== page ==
Changes To Land And Water Conservation Fund Trigger Swift Bipartisan Pushback
The Interior Department is facing criticism for putting up barriers to conservation projects nationwide funded through the new Great American Outdoors Act.
The bipartisan bill was celebrated over the summer for, among other things, permanently authorizing the $900-million-a-year Land and Water Conservation Fund, which is primarily supported by royalties from oil and gas leases to underwrite public outdoors projects, from conservation easements to skateparks.
But Interior Secretary David Bernhardt issued an order last week restricting how the money can be spent, including giving state and local governments veto power over federal land acquisitions.
Lawmakers — including Sen. Steve Daines, R-Mont., who championed the bill in the GOP-controlled Senate — and public lands advocates are pushing back.
Kyle Simpson, senior government affairs manager with the National Recreation and Park Association, says Congress considered granting local governments such authority and voted against it,"And now the Trump administration is trying to go around those and put them into a secretarial order, which we just can't support," Simpson said.Jessica Wahl Turner, executive director the Outdoor Recreation Roundtable, a coalition of recreational trade groups, says she expects changes to Bernhardt's order, saying it's "really kind of impossible in some cases to get the governor and the county commissioner and the mayor have to agree that [a] project is good."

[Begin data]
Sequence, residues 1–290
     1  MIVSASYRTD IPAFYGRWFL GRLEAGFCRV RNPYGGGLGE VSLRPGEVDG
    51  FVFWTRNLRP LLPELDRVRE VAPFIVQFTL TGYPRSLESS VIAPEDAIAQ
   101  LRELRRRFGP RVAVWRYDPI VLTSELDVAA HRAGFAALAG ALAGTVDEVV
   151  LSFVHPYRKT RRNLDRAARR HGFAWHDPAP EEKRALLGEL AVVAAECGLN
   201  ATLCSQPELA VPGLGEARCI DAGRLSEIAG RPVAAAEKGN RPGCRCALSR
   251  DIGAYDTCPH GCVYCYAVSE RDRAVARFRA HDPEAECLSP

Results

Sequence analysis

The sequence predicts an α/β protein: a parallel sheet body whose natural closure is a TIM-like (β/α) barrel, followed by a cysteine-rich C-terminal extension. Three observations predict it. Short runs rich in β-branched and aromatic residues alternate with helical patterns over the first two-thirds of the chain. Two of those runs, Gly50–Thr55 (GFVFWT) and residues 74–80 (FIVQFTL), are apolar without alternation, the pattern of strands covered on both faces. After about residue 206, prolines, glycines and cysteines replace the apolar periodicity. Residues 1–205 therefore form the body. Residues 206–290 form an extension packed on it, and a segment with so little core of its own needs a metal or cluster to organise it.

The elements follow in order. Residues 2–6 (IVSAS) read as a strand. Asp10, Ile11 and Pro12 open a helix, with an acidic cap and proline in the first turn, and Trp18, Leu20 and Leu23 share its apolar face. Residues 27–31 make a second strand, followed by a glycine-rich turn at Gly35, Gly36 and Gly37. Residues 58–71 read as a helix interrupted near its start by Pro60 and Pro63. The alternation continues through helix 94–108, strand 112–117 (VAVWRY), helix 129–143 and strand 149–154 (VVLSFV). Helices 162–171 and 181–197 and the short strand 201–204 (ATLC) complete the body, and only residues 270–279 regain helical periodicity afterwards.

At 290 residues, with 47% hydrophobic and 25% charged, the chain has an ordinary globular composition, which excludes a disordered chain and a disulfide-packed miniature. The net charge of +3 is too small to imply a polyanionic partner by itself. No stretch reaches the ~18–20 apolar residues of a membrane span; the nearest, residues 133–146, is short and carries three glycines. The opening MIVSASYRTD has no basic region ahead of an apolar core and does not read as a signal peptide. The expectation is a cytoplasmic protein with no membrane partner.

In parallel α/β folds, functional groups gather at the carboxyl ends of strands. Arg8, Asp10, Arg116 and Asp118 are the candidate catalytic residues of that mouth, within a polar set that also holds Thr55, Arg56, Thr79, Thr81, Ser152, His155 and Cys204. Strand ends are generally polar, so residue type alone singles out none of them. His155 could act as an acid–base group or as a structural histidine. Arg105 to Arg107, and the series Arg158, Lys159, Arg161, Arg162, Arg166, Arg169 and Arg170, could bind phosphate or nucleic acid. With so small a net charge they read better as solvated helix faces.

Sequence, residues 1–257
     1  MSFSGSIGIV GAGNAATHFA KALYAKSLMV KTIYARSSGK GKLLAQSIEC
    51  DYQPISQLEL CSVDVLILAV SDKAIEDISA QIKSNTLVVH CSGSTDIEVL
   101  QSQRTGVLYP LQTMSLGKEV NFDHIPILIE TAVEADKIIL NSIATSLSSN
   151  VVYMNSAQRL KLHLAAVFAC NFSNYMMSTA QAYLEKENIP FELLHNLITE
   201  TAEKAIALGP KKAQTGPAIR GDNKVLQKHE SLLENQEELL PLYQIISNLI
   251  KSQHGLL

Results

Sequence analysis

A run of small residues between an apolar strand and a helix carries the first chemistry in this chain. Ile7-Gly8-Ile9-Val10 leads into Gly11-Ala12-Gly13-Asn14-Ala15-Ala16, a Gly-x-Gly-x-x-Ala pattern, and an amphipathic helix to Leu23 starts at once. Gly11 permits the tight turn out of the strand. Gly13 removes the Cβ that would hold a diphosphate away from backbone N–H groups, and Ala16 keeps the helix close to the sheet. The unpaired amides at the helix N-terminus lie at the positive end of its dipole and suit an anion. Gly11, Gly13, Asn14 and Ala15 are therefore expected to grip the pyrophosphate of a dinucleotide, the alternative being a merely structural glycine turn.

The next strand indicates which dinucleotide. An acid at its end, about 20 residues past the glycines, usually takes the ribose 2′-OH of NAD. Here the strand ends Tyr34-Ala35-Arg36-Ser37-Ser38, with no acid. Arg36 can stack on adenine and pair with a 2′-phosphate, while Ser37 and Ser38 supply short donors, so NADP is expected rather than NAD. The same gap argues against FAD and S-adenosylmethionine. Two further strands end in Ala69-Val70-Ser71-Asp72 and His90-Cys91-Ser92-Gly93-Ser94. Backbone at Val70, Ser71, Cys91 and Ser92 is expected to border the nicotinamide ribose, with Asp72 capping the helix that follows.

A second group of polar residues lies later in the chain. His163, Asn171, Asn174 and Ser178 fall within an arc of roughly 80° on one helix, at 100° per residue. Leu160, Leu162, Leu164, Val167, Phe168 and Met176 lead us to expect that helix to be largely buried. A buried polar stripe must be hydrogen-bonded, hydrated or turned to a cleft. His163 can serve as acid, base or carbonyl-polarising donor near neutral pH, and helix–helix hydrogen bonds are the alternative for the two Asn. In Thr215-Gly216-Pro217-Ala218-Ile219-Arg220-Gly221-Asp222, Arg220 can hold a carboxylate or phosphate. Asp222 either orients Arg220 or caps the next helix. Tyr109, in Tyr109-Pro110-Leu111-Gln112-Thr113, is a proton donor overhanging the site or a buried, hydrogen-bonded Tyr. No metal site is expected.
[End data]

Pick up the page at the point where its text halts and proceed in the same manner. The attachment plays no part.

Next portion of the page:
The order adds to existing frustration over the Interior Department's handling of the Land and Water Conservation Fund. Earlier in the month it missed a key deadline for releasing a list of potential projects. The list itself is controversial and vague, but says projects are planned in Montana, Idaho and Colorado next year.
This story was produced by the Mountain West News Bureau, a collaboration between Wyoming Public Media, Boise State Public Radio in Idaho, KUNR in Nevada, the O'Connor Center for the Rocky Mountain West in Montana, KUNC in Colorado, KUNM in New Mexico, with support from affiliate stations across the region. Funding for the Mountain West News Bureau is provided in part by the Corporation for Public Broadcasting.
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